IV. With the statement of grounds of appeal, the appellant resubmitted, as its main request, the set of claims underlying the decision under appeal, and filed auxiliary requests 1 and 2.

Independent claim 1 of the main request, which is the only claim of the main request relevant for the present decision, reads as follows:

"1. A process for the manufacture of a pigmentary form of perylene-3,4,9,l0-tetracarboxylic acid N,N’-bis-methylimide having a transparent clean yellowish shade, which comprises comminution of a mixture comprising a crude perylene-3,4,9,10-tetracarboxylic acid N,N’-bis-methylimide pigment produced by methylation of perylenetetracarboxylic imide with an alkylating agent (method 2) and a crude perylene-3,4,9,10-tetracarboxylic acid N,N’-bis-methylimide pigment produced by the condensation of perylenetetracarboxylic anhydride with methylamine (method 1), in the presence of dimerized rosin."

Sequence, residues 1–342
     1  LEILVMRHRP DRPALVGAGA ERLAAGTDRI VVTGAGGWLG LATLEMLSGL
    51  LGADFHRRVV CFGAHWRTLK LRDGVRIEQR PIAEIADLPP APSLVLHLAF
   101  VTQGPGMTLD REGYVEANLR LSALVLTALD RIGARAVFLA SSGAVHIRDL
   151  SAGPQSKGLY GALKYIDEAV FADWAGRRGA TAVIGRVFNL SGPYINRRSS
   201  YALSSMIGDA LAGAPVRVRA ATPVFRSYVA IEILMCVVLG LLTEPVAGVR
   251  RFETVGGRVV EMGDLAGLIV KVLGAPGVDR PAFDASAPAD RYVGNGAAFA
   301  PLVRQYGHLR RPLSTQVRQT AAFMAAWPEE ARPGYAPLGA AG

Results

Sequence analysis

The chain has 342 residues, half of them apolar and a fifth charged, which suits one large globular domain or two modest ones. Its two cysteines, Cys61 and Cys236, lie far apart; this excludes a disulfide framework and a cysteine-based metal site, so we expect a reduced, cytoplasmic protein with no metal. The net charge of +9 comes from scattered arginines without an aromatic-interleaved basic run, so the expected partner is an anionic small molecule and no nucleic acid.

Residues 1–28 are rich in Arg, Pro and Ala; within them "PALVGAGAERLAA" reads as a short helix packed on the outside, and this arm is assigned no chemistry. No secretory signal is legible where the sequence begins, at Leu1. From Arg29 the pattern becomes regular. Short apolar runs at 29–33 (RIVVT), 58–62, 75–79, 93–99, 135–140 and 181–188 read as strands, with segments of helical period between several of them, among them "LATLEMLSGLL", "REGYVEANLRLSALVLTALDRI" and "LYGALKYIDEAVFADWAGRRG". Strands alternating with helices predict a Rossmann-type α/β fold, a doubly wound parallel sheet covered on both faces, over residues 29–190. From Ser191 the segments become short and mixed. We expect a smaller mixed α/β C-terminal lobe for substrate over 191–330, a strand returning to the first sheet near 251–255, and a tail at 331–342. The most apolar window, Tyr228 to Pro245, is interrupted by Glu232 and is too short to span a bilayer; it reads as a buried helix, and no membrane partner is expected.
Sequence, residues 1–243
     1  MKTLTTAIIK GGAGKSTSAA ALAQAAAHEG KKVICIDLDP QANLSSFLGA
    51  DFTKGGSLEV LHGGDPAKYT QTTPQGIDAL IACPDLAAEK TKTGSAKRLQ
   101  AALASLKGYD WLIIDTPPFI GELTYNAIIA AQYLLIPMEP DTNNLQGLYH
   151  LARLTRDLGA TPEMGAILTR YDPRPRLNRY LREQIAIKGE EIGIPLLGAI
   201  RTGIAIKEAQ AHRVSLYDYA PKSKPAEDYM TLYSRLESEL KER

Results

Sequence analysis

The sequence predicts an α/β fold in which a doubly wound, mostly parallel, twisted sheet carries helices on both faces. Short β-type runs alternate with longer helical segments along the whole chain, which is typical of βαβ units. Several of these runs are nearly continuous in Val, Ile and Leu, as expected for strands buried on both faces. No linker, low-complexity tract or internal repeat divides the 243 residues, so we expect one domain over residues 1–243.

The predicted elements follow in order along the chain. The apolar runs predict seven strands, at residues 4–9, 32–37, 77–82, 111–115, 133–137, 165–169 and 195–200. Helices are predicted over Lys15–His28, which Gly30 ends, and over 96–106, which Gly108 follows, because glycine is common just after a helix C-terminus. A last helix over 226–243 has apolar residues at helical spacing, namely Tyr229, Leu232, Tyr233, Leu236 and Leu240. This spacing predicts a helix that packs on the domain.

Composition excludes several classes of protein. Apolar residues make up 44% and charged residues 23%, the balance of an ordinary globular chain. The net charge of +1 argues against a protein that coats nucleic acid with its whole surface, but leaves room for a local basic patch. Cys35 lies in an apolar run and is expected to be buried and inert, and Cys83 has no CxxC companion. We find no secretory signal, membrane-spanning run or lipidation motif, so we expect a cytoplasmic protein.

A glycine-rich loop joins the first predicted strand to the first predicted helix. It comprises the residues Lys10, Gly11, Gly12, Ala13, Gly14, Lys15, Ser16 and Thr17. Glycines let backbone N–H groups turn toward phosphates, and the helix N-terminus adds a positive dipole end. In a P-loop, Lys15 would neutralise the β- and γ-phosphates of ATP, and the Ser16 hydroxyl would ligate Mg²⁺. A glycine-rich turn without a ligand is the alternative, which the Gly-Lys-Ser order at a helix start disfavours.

Claims 1 of the first and second auxiliary requests are identical and differ from claim 1 of the main request in that the feature "having a transparent clean yellowish shade" has been deleted.

V. In a communication accompanying the summons to oral proceedings the board expressed its preliminary opinion. In particular, the board indicated that the main request and auxiliary requests 1 and 2 did not comply with Articles 84 and 83 EPC. In addition, the board was of the opinion that the deletion of the feature "having a transparent clean yellowish shade" in auxiliary requests 1 and 2 did not comply with Article 123(2) EPC.

VI. With letter of 15 October 2013 the appellant filed auxiliary requests 3 to 6. Claim 1 of auxiliary request 3 reads as follows (emphasis added by the board):